Comcast spent $3.3 million on lobbying efforts just this year, and contributed over $11 million to candidates in 2020, according to OpenSecrets. AT&T spent $3.1 million on lobbying and over $14 million on candidates in 2020. With just two telecom companies accounting for over $25 million in donations in 2020, it’s no wonder why senators are willing to fall in line against Sohn. 

The Senate Commerce Committee vote was originally scheduled for February, but was delayed after Sen. Ben Ray Luján (D-N.M.) suffered a stroke in late January, delaying her nomination until the split committee had enough Democrats available to push her through 14-14. Even bringing her to the Senate floor will be a process, similar to the one faced by Biden’s FTC pick Alvaro Bedoya, who was just recently confirmed.

And it’s especially disconcerting because the person who nominated her hasn’t launched a full-throated defense. 

Biden has been seen as a tepid and silent supporter of net neutrality, and his lack of urgency on the issue could wind up aiding the Republican agenda. On the campaign trail in 2020, Biden lagged behind many other Democratic candidates in vocalizing his support for net neutrality being reinstated. While many candidates supported net neutrality at some point in their careers, Biden remained quiet. His campaign claimed he was “outraged” when net neutrality rulings were repealed in 2018 after being pressed by the Daily Dot, but his only tweet on the matter followed an announcement by then-President Barack Obama calling for Title II regulation.

Biden’s first fundraiser when he announced his candidacy was with an executive for Comcast.

Biden’s FCC might be able to bring back net neutrality, but that doesn’t mean it will stay. Sen. Ed Markey (D-Mass.)—one of the biggest congressional net neutrality supporters and author of the Save The Internet Act, which would make net neutrality law—signaled last year that he would wait for the FCC to bring back net neutrality before attempting to codify it into law. 

“As soon as there are three Democratic Commissioners in place, the FCC must act without delay to reclassify broadband as a Title II service and reassert its authority over broadband,” Markey said in a statement at the time. “I also plan to soon introduce legislation to do the same by statute.”

This leaves Democrats little time before the 2022 midterms in November to do three very important things: get Sohn on the FCC, reinstate net neutrality (a process that could take up to a year), and introduce and pass net neutrality legislation through both chambers of Congress.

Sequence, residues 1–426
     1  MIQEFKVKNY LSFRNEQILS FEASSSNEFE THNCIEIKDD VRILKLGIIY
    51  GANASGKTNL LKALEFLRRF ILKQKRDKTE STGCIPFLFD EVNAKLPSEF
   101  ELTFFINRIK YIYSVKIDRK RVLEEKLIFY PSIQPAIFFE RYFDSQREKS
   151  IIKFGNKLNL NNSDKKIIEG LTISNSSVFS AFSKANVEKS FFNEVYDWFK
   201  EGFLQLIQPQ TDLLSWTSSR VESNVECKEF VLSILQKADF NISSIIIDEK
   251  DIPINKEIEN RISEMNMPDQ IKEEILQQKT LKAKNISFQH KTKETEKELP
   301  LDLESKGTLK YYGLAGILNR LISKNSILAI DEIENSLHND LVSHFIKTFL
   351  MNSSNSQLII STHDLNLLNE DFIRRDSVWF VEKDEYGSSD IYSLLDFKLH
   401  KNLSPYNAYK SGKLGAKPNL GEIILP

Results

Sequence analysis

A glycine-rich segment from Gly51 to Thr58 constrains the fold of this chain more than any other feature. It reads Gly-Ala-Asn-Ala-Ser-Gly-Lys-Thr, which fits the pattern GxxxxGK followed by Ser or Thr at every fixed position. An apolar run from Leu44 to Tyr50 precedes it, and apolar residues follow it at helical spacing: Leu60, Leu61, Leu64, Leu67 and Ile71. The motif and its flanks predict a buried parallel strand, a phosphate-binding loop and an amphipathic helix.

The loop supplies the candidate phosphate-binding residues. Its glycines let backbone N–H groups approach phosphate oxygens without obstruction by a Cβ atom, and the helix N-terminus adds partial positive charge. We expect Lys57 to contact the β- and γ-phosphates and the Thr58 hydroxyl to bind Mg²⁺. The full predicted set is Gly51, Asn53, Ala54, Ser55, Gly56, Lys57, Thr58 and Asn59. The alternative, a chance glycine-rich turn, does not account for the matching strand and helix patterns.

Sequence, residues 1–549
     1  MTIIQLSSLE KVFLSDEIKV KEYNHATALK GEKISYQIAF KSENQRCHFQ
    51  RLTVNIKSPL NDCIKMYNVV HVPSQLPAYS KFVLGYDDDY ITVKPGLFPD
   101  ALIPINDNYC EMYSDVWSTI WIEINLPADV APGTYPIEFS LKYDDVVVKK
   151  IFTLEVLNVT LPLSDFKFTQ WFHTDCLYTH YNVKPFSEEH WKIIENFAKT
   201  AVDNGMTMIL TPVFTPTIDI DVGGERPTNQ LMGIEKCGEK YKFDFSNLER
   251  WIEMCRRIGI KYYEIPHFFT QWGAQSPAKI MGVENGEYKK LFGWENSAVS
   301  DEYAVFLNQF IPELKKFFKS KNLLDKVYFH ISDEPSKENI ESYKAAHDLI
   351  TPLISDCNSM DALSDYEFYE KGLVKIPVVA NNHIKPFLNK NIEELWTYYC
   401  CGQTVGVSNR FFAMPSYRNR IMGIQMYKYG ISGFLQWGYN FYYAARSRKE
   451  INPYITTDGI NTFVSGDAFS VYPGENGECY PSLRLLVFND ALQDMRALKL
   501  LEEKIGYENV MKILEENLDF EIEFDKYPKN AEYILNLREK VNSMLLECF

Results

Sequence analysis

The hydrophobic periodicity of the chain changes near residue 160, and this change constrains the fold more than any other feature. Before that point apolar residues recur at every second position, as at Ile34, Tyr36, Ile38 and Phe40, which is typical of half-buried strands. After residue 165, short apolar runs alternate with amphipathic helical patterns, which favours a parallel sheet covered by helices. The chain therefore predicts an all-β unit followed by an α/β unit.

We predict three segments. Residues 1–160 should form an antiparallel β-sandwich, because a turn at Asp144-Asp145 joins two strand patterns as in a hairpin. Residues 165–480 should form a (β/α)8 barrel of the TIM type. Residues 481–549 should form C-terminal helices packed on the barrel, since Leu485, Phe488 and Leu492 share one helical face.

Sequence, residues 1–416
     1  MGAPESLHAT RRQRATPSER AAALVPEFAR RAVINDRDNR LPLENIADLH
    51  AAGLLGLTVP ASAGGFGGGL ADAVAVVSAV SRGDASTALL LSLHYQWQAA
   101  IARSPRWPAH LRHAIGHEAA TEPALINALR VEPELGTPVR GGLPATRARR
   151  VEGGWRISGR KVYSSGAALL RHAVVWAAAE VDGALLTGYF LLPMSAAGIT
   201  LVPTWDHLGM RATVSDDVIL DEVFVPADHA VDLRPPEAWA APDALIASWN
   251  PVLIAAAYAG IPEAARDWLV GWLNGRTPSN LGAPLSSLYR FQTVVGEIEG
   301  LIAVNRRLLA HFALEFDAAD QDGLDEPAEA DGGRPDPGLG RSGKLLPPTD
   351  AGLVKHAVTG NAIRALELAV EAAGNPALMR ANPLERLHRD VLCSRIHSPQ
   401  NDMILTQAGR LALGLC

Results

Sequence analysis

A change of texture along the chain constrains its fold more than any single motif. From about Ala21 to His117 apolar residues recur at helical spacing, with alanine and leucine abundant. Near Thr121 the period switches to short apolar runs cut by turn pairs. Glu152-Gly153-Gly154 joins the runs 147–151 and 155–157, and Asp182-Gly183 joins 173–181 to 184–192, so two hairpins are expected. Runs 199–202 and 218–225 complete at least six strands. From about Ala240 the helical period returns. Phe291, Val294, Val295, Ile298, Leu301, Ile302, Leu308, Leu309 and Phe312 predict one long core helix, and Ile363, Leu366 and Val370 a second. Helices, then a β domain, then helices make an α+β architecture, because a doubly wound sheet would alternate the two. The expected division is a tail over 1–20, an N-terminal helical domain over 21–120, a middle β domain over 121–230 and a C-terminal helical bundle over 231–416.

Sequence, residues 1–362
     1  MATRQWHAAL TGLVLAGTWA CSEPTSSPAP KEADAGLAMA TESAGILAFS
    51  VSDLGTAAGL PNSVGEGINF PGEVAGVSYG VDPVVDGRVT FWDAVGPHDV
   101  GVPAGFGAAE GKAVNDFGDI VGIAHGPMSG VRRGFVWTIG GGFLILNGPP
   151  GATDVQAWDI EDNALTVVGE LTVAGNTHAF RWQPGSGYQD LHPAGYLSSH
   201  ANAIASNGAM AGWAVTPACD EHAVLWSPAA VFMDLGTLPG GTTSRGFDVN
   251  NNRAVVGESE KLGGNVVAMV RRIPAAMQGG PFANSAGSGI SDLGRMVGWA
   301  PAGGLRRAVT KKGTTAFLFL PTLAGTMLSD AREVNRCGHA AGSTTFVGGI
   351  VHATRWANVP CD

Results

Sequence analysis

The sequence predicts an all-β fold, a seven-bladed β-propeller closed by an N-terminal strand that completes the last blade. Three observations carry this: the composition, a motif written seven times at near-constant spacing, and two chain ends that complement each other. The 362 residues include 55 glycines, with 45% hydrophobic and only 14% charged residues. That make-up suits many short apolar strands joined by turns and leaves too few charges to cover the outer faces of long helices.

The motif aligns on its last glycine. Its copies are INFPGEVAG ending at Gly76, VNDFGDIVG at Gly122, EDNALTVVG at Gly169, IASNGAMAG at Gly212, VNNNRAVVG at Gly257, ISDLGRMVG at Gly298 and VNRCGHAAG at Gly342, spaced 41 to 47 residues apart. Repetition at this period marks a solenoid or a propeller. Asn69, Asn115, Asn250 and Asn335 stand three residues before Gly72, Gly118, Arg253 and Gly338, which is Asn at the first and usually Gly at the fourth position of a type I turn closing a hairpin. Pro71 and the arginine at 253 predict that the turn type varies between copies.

Even if the FCC brings back the Obama-era net neutrality regulations, there are ways a Republican-controlled legislature in 2023 can pull it back. The Congressional Review Act gives Congress 60 days to vote on regulations passed by government agencies, and Congress can overturn new rules with a majority vote. It was most recently used in 2018 when Democrats tried to stop the Republican-controlled FCC from overturning net neutrality rules but ultimately failed. Even if Sohn was confirmed before the midterms, any net neutrality rulings in 2023 could be subject to a Republican-controlled legislature, which would have the ability to reverse them.

And Markey’s bill, if Republicans take either the House or Senate, would be dead.

Sohn’s path to confirmation has been abnormally long and tumultuous, said Shane Larson.

“I can’t recall anything rising to this level of making them a target and generating fake controversy,” he said. 

It’s even more glaring when you consider the opposite tack Republicans took just two years ago. Nathan Simington, a controversial candidate with direct ties to Trump, was fast-tracked by Republicans in late 2020, with just a three-month gap between his nomination and confirmation. Republicans used their majority to bulldoze a final member onto the FCC just before a new Congress would start sessions, ensuring they could have a bulwark against any progressive agenda if they were able to hold up a Biden-appointed candidate.

It stands in sharp contrast to Sohn. And the days to prove those Republicans’ efforts weren’t successful are swiftly dwindling.